Boston Comic Con: Rapid-Fire Creator Interviews, Part 2

By Jon Erik Christianson • April 25, 2012 at 2:00 pm


At this weekend’s Boston Comic Con, The Quad was fortunate enough to have the opportunity to interview nine different comic book creators in a rapid-fire fashion. The second installment’s interviews include artists Jill Thompson, Kevin Maguire, Stephanie Buscema, and Skottie Young.

Artist Jill Thompson | Photo by Ashley Hansberry

Jill Thompson is a widely-acclaimed comic book writer and artist who had her own panel at Boston Comic Con. Her work includes her own Scary Godmother series, Neil Gaiman’s The Sandman, and Wonder Woman

The Quad: What are your current projects right now?

Jill Thompson: Um, something that I can’t talk about.

Can you say with who, or no?

JT: It will be with DC. And then I am also going to be working on Beasts of Burden after that. So there will of course be more issues of that, Evan [Dorkin]‘s writing that now.

Do you think the comic book industry as a whole is more accepting towards female artists and writers now than it was a few years ago?

JT: When I first started getting into comics, I was the only girl here. At all. And then when I became an artist who drew comics and I got a table at Artist’s Alley, I think at every convention, like if we all got together at the same time, there would maybe be five of us. So yes, there are definitely more women here to get stuff signed, to be fans, to do cosplay, to like gaming, to like comics, many many more than when I first started to doing this.

Who is your favorite character you’ve ever drawn?

JT: My own character, Scary Godmother.

Artist Skottie Young | Photo by Ashley Hansberry

Skottie Young is a Marvel exclusive artist who has drawn for Human Torch, New X-Men, Venom, and several others. His The Marvelous Land of Oz made the New York Times Best-Selling List and also won an Eisner Award.

In the Avengers vs. X-Men event, which team are you on?

Skottie Young: X-Men.

On this cover, who was your favorite child Marvel character to draw?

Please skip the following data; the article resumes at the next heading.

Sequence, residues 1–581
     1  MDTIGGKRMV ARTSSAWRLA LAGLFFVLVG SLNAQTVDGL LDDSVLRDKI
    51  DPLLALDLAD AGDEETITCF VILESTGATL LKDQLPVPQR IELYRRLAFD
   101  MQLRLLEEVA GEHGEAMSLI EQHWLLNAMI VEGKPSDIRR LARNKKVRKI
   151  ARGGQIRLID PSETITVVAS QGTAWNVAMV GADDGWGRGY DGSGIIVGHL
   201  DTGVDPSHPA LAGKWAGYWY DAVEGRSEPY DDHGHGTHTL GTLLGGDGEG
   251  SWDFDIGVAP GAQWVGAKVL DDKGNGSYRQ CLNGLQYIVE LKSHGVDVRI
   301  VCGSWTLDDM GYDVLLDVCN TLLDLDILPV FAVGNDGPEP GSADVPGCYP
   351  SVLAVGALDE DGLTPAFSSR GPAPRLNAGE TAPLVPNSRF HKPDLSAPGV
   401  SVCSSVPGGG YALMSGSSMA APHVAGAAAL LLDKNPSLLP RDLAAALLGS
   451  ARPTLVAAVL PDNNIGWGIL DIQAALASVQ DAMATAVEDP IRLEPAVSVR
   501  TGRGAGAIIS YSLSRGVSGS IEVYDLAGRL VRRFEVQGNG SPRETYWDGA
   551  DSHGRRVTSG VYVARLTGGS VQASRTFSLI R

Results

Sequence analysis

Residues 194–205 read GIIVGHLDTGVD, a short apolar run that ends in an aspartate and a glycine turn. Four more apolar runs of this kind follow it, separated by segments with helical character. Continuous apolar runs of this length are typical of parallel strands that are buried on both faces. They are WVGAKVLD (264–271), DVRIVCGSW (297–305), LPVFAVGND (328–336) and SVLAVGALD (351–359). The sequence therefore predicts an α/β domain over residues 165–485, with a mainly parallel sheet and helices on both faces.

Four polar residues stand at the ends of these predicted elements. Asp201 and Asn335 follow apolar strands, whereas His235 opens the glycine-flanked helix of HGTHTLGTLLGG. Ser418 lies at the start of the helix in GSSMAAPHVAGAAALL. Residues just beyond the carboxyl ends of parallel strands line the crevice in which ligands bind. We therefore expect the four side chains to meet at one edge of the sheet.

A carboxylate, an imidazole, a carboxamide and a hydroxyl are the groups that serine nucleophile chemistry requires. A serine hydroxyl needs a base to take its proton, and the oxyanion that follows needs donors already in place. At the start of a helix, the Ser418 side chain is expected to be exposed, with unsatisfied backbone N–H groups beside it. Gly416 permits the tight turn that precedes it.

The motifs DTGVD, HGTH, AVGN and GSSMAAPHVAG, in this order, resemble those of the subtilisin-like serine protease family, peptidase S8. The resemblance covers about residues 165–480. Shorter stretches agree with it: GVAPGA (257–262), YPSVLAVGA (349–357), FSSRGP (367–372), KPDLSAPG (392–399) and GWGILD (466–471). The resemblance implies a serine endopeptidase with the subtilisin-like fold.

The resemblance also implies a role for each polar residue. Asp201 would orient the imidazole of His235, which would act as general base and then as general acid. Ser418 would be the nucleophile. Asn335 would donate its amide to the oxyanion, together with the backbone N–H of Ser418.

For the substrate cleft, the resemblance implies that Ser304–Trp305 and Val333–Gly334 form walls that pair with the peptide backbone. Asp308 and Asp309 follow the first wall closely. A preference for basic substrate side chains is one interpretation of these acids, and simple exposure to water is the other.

SY: Probably that green Hulk and maybe Dr. Strange.

There’s a criticism that the comic book industry doesn’t have a lot of comics for younger kids. Do you agree?

SY: I don’t agree. I think there are plenty out there, it’s just that they’re not all superhero comics.

Artist Stephanie Buscema | Photo by Ashley Hansberry

Stephanie Buscema is an artist with a very distinct style who has worked for DC Comics, Marvel Entertainment, IDW Publishing, and more. Her art has most recently graced the cover of Adventure Time #3 and the t-shirts available at Boston Comic Con.

What’s it like seeing people walk around with your t-shirt design?

SB: It’s awesome. It’s really cool, it’s an honor to do it.

Did Boston Comic Con approach you?

SB: Yeah.

What was it like finding out that you would be doing the cover for Adventure Time?

SB: Oh, I was stoked—

[Boston Comic Con intercom makes announcement, interrupting interview]

This happened mid-interview with Jill Thompson yesterday.

SB: Oh no! [laughs] Um it was—

[Another intercom announcement]

SB: [laughs] Every time I start talking!

And who is your favorite character from Adventure Time?

SB: It would have to be Hotdog Princess. [laughs] All the princesses are amazing but Hotdog Princess is actually like, “I had to do something with Hotdog Princess.”

Artist Kevin Maguire | Photo by Ashley Hansberry

Kevin Maguire is a well-known comic book artist whose credentials include Captain America, Justice League, and X-Men. His current project is the new Worlds’ Finest series debuting for DC Comics next week.

When were you first approached with the idea for Worlds’ Finest?

Kevin Maguire: It was around Christmastime, it was before Christmas and I was wrapping up Tanga and I had a meeting with Bob Harras and Eddie Berganza about the projects I had next and they suggested Worlds’ Finest and I was like “okay, cool.”

What were your goals behind design Helena Wayne’s Robin costume and Kara Kor-L’s Supergirl outfit?

KM: To make it seem like a transition between what the Earth-2 Batman and Superman were like and what they [Helena and Kara] ended up wearing as Power Girl and Huntress. Like that in-between, although, you know, they ended up pretty different in Worlds’ Finest, but yeah, something that looked a little like it would be from the same wardrobe.

Aside from visual differences like hair color, what makes drawing Helena and Kara different from one another?

KM: Helena is much more tense and wiry and a little more alert as to what’s going on, and Kara’s just like my cockerspaniel, she’s just kinda like, you know, she walks into life and is just happy and indestructable and in a good mood so she doesn’t have to worry.


Jon Christianson (COM/CAS '14) is the zany, misunderstood cousin of The Quad family. His superpowers include talking at the speed of light, tripping over walls, and defying ComiQuad deadlines with the greatest of ease. His lovely copyeditors don't appreciate that last one. If for some reason you hunger for more of his nonsense, follow him at @HonestlyJon on Twitter or contact him at jchristianson@buquad.com!



No Responses